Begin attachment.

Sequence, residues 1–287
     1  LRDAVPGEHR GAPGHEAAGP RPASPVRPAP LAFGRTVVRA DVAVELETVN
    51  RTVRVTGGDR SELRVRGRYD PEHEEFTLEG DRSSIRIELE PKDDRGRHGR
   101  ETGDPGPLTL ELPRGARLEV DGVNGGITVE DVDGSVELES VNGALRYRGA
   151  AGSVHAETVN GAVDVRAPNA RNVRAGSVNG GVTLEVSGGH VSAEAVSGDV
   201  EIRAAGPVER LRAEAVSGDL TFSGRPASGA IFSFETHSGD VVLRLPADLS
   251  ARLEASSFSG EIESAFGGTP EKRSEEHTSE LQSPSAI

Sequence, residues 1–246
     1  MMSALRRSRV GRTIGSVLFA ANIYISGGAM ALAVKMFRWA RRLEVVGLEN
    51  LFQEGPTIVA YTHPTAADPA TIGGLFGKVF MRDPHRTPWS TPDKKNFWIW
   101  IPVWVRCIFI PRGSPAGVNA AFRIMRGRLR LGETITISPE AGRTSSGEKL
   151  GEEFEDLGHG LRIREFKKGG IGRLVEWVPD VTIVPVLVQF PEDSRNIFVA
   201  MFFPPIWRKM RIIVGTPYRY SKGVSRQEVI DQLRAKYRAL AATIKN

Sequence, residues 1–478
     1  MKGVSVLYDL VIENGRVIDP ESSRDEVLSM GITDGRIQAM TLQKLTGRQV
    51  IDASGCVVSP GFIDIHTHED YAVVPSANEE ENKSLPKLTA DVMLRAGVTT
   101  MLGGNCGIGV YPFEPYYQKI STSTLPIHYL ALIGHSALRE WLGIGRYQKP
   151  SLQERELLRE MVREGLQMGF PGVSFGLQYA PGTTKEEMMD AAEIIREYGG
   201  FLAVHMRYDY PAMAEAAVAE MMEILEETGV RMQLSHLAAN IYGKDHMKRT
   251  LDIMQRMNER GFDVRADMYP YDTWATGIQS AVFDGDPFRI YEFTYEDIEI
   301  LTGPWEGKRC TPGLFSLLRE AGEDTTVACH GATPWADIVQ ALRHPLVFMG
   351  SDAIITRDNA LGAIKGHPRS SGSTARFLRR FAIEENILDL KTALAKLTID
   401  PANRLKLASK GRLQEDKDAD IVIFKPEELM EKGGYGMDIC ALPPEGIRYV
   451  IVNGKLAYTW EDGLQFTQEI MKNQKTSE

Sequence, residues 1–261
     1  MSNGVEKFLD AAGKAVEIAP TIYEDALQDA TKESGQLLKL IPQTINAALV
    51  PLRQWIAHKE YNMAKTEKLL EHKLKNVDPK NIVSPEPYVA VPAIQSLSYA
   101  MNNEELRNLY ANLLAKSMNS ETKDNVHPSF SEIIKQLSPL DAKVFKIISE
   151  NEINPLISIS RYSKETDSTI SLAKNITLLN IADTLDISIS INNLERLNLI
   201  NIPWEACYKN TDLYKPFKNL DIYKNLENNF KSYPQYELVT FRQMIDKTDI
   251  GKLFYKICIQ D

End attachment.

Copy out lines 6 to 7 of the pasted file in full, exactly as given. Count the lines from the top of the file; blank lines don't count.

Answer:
   201  EIRAAGPVER LRAEAVSGDL TFSGRPASGA IFSFETHSGD VVLRLPADLS
   251  ARLEASSFSG EIESAFGGTP EKRSEEHTSE LQSPSAI